If I were you, I would simply suggest actually trying these features out… But always walk before you run! There’s no point in frustrating yourself with creating an entire style on your first outing. Simply try loading a song into the pad and playing along with it to start with. And it is a simple job to turn a sequence into an audio file… Use the built-in audio recorder if nothing else. Export to a computer and trim the ends, and re-import the file. The same with loading style segments into pads.

There is nothing better than experimentation to find out whether features work as advertised. You can’t simply go by looking at the manual and the promotional material. You often find that in the real world, differences happen! But sometimes on the positive side… Just messing around with an idea can often lead you to find solutions to other problems or alternative ways of performing.

From what Fran has posted, I get the impression much of it is theoretical, gleaned from the manuals and YouTube videos. He tends to demo things when he gets them to work. The idea of styles and sequences in sync is an old one by Yamaha standards, but still needs something of a kludge on Roland’s. And whether it works well or not is probably up to you to find out. All Fran posted was a video from someone else not really doing what he claimed. And I don’t recall anything from him demonstrating it. If it was that easy and that powerful, you’d think he would have by now...
1 month 3 days ago Last edit: 1 month 3 days ago by Diki.
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Fran, need your help! #6532
As far as I know, neither Yamaha nor any other brand of arranger allows you to run a MIDI and a style at the same time.* If Fran's suggestion with the pads works as theorized, the E-A7 would come the closest. Not 100% sure about the Ketron Midjay Pro and its brethren. They're rare as hen's teeth, I've never seen one in person.

*On the higher-end Yamahas, IF the MIDI contains embedded XF chords (Yamaha-proprietary sys ex), you can start it simultaneously with the current style, and the XF chords will "drive" the style while you play RH. However... as soon as you play any note in the chord section, it's on you. You have to play all the chords for the remainder of the song. There's no switching back and forth. Even Korg, with its touted "cross-fade dual sequencers" makes no attempt to do this. Why!?

I've MIDI'd two arrangers together before with some success, and I also have a couple of decent hardware sequencers (if the on-board backup batteries haven't died after ten years of disuse!) I just hate to junk up my living room with all that gear. It would be amazing if Roland supported the E-A7 with another firmware update, conferring a "no transpose" option and some content to the pads. Problem solved! Unfortunately Roland is worse than General Motors when it comes to killing a product just as it reaches its full potential!
1 month 3 days ago Last edit: 1 month 3 days ago by TedS.

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Fran, need your help! #6535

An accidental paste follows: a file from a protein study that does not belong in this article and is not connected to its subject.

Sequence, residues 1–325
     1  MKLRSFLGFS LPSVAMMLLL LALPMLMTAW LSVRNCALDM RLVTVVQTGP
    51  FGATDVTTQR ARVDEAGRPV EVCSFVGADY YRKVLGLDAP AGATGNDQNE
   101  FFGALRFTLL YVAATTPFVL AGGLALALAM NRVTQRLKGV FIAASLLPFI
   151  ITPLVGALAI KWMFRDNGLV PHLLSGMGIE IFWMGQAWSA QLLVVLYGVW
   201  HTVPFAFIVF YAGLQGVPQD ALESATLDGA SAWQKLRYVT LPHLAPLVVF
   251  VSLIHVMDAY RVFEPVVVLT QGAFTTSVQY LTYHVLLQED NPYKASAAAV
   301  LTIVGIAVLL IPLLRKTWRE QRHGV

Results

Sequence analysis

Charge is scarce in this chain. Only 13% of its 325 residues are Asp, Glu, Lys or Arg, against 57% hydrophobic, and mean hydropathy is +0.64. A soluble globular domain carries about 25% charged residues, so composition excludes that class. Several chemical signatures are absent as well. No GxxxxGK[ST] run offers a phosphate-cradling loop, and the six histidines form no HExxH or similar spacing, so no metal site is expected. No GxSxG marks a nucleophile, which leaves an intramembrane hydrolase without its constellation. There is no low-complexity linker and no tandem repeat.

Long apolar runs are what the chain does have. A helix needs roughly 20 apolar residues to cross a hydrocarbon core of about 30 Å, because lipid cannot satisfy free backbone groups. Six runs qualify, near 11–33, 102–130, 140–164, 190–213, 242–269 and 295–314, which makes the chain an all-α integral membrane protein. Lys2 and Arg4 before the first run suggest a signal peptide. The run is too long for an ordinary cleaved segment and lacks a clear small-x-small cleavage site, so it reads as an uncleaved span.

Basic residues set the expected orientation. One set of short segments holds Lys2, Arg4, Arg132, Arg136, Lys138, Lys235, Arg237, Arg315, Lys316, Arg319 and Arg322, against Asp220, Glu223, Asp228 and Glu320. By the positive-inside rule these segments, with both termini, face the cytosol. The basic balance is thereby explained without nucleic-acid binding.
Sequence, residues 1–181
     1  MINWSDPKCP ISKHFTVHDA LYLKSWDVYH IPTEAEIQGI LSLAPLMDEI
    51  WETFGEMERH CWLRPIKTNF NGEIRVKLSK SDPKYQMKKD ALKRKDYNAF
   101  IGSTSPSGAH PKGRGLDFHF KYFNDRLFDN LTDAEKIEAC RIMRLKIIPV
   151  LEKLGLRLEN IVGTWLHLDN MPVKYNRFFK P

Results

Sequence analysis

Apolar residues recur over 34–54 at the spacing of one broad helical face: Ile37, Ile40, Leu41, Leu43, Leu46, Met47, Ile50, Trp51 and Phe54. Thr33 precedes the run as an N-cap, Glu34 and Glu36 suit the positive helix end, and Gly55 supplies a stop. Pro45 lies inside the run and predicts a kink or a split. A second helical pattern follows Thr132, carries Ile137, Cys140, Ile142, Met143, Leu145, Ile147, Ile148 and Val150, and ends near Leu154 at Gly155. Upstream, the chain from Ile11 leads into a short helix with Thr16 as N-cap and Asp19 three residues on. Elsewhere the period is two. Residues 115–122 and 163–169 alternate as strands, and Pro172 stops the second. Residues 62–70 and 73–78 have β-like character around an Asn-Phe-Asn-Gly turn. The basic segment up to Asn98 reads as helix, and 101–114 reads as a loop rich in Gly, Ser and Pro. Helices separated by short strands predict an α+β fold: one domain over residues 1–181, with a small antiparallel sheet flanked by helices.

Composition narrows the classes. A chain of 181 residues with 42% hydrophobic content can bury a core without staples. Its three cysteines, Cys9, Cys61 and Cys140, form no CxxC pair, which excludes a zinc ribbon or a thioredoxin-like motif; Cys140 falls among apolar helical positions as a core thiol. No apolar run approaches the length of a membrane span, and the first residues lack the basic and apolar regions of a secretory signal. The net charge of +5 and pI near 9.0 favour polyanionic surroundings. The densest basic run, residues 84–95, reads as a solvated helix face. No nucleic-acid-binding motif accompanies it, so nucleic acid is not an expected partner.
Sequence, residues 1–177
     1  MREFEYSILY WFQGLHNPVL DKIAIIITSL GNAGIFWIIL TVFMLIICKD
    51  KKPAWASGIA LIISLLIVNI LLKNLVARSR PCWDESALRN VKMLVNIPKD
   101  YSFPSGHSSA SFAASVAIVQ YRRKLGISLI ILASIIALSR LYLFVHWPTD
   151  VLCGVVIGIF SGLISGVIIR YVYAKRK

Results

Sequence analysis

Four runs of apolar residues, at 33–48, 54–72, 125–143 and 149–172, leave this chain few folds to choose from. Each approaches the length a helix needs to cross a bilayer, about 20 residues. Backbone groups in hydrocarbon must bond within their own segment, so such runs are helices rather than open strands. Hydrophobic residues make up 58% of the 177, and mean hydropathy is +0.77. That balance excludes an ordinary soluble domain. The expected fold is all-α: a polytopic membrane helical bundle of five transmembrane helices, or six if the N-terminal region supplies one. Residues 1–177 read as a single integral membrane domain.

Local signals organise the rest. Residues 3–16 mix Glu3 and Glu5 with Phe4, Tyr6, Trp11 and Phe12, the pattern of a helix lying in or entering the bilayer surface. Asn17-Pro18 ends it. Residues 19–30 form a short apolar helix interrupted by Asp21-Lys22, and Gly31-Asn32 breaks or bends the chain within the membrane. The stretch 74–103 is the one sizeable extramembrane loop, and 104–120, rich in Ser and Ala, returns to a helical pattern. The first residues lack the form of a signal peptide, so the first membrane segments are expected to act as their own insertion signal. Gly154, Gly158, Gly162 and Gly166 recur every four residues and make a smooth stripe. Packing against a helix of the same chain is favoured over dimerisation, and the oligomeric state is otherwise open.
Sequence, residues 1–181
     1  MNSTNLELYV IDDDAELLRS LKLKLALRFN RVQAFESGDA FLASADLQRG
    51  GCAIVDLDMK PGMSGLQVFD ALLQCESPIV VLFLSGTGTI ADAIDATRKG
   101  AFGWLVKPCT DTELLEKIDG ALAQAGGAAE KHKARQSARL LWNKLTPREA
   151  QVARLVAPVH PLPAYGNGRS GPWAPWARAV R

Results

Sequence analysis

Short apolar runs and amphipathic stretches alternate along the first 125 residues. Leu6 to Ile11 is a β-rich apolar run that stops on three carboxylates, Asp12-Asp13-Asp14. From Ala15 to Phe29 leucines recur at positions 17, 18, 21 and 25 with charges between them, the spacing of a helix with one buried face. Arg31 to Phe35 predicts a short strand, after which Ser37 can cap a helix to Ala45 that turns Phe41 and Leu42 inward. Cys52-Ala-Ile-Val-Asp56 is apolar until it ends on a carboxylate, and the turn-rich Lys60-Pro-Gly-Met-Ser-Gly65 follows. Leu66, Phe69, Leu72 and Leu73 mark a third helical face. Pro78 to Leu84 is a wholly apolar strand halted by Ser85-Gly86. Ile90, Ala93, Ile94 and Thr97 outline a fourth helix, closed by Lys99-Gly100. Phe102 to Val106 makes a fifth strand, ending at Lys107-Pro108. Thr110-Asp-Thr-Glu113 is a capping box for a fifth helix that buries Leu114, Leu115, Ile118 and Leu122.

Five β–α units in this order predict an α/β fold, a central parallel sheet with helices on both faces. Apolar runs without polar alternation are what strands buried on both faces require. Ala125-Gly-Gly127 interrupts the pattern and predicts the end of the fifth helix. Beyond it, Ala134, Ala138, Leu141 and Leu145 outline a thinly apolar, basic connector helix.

Actually, Yamaha's have long been able to run the style engine and the sequencer at the same time. It was often used to spice up pretty bland sequences with the better drum patterns styles often had.

I'm getting a little lost here, though. It seems you are more looking for a way for the sequencer to drive the chord input of the arranger engine, right? That's really what the Chord Sequencer does. To stay Roland, you'd need a BK9 or an old G1000, and I think only the BK9 could store the Chord Tracks. Sadly, they missed a big opportunity to link the CS to the Performance, so they have to be loaded separately. Korg and Yamaha failed to make that mistake!

The new SX900 and Genos update have Chord Sequencers with up to 8 sections, so you can have different sections of the song on separate loops, something I've been calling for for decades! It's getting frustrating watching the competition fulfil my dreams while my preferred brand stagnates.

Perhaps if you would like to spell out in more detail exactly what you want to achieve, I can suggest a workaround. TBH, if you are content to let a sequencer chord track drive the style engine, you really aren't far off from it simply being an SMF (with Markers). Functionally, it's the same...
1 month 2 days ago
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Fran, need your help! #6538
Actually what I think I would like to try, is to play everything live except the bass.

Depending on the song, I struggle a lot with all of the hand movement required for slash chords. So much so, that I'm wondering if I should plug in my pedalboard and give that a try!

I can play inversions OK (especially in "intelligent" mode.) If I could pre-record the bassline for certain songs to a pad track, that would bring me very close to what I need. The problem is, pads as currently programmed always transpose. :(

Bottom line, I don't think the E-A7 or BK-9 can do what i want without a second arranger or external sequencer.
1 month 2 days ago Last edit: 1 month 2 days ago by TedS.

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Fran, need your help! #6543
But once you have predefined the bass, you HAVE to play the chords exactly the same anyway. Which kind of defeats the point, doesn’t it?

For me, tying down half of my entire music playing digits to input a set of chords that need to be right in the first place (unless playing them wrong is your thing!) for the song to work seems like a waste. Piano is a two handed instrument. Organ is a two handed instrument. Decent emulation of guitars, winds and brass takes two hands. Watch any decent keyboard player, and you will pretty much NEVER see them playing with one hand.

The idea that a sequencer play ONLY the bass inversion note while you still tie up a hand to play the chord that the chord sequencer could easily do for you is a bit unusual. And I think potentially disastrous. If the sequencer plows through the bass inversion note ONLY, it’s going to be all too easy to get out of sync with it. If the CS is playing the chords AND the bass inversion, everything remains in sync and you get to play on top of it just like you were playing with a band, which is kind of the point of arrangers, I always thought...